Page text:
Braley Dodson | Daily Herald
The $1 displayed on the cutout of the spaceship wasn’t impressing the students of Central Elementary School in Pleasant Grove. Neither was the $10 revealed when another cover was pulled to show the next number in the donation. And then the next zero was uncovered, and the next, and the next, until the spaceship revealed the final $1 million and students launched into eruptive yelling in celebration.
The $1 million commitment from the Edward St. John Foundation toward the rebuild of the Christa McAuliffe Space Center at Central Elementary School is the first major gift and boost toward the $4 million the Alpine School District hopes to raise for the project.
The $1 million commitment is part of a four-year pledge from the foundation to match dollar-for-dollar funds raised by the Alpine School District.
The hope is for the seven-digit commitment to help spur others toward donating to the project.
“It helps people know this is something they can contribute to and it’s happening,” said James Porter, the director of the space center.
The elementary school and the space center will be rebuilt starting next year. Construction is expected to be complete in 2020. Funding for the elementary school’s rebuild is being funded through the district’s 2016 bond.
The donation was revealed during an assembly at the school Monday afternoon that featured a man in a space suit, renderings of the new facility and U.S. Rep. John Curtis, R-Provo, sharing the importance of science and his memory of being a 9-year-old watching Neil Armstrong walk on the moon from his grandfather’s television.
The Edward St. John Foundation, located out of Baltimore, got connected with the Alpine School District because its parent company, St. John Properties, owns property in Utah County.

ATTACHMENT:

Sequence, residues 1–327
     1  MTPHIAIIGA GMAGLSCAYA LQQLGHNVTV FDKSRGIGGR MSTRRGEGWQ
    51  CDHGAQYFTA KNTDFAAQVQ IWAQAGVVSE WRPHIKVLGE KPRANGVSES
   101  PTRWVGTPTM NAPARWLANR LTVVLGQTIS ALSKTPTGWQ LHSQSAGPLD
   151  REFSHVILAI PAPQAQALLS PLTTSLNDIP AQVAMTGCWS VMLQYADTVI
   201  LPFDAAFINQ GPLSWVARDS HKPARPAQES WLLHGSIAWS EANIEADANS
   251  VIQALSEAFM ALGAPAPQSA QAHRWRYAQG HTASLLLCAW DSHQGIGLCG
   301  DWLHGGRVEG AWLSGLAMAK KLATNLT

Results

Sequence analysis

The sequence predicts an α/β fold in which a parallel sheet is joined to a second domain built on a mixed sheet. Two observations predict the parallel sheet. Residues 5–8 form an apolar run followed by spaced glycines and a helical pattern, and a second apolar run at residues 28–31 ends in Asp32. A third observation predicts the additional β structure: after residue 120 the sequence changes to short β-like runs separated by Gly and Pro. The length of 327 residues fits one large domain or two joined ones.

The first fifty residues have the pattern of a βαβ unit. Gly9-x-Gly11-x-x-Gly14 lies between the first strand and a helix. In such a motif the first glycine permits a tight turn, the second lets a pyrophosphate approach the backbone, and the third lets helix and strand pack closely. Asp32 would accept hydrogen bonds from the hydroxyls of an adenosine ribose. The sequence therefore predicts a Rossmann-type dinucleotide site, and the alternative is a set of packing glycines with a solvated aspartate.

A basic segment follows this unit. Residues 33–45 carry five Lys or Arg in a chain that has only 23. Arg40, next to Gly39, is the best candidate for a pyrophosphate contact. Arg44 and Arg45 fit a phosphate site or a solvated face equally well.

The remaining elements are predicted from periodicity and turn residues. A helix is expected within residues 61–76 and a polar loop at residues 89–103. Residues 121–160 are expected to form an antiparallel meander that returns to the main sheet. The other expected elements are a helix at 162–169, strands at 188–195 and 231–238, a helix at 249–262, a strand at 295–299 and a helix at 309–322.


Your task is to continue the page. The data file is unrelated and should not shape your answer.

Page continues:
Daniel Thomas, the regional partner for St. John Properties representing the Edward St. John Foundation, said 7.5 percent of the company’s net revenue goes to the Edward St. John Foundation, which funds educational causes.
He said the foundation is supportive of the space center’s mission and model.
“You walk into the room and you say this is the classroom you dreamed of as an elementary kid,” Thomas said.
The foundation had previously given a $5,000 donation to Pleasant Grove High School athletics.
Hundreds of thousands of people have gone through the school’s space center, which simulates space missions to test various skills. A rebuilt center will include a planetarium dome and will increase both the center’s capacity.
It will also expand its material to appeal to more age groups.
“This lets us inspire kids at a younger age,” Porter said.
The center has increased its fundraising goal from $800,000 to $4 million. Porter said the increase will add both capacity and quality to the center and will allow the most current information to be available to patrons.
Finding out about the donation, Porter said, was seeing a dream fulfilled.
Any funds raised over the $4 million mark will go into an endowment for the space center, according to Tim Eisenhart, the executive director of the Alpine School District Foundation.
Eisenhart made a call for action for others to donate and said that the center’s patrons come from across Utah.
“It impacts the state,” Eisenhart said.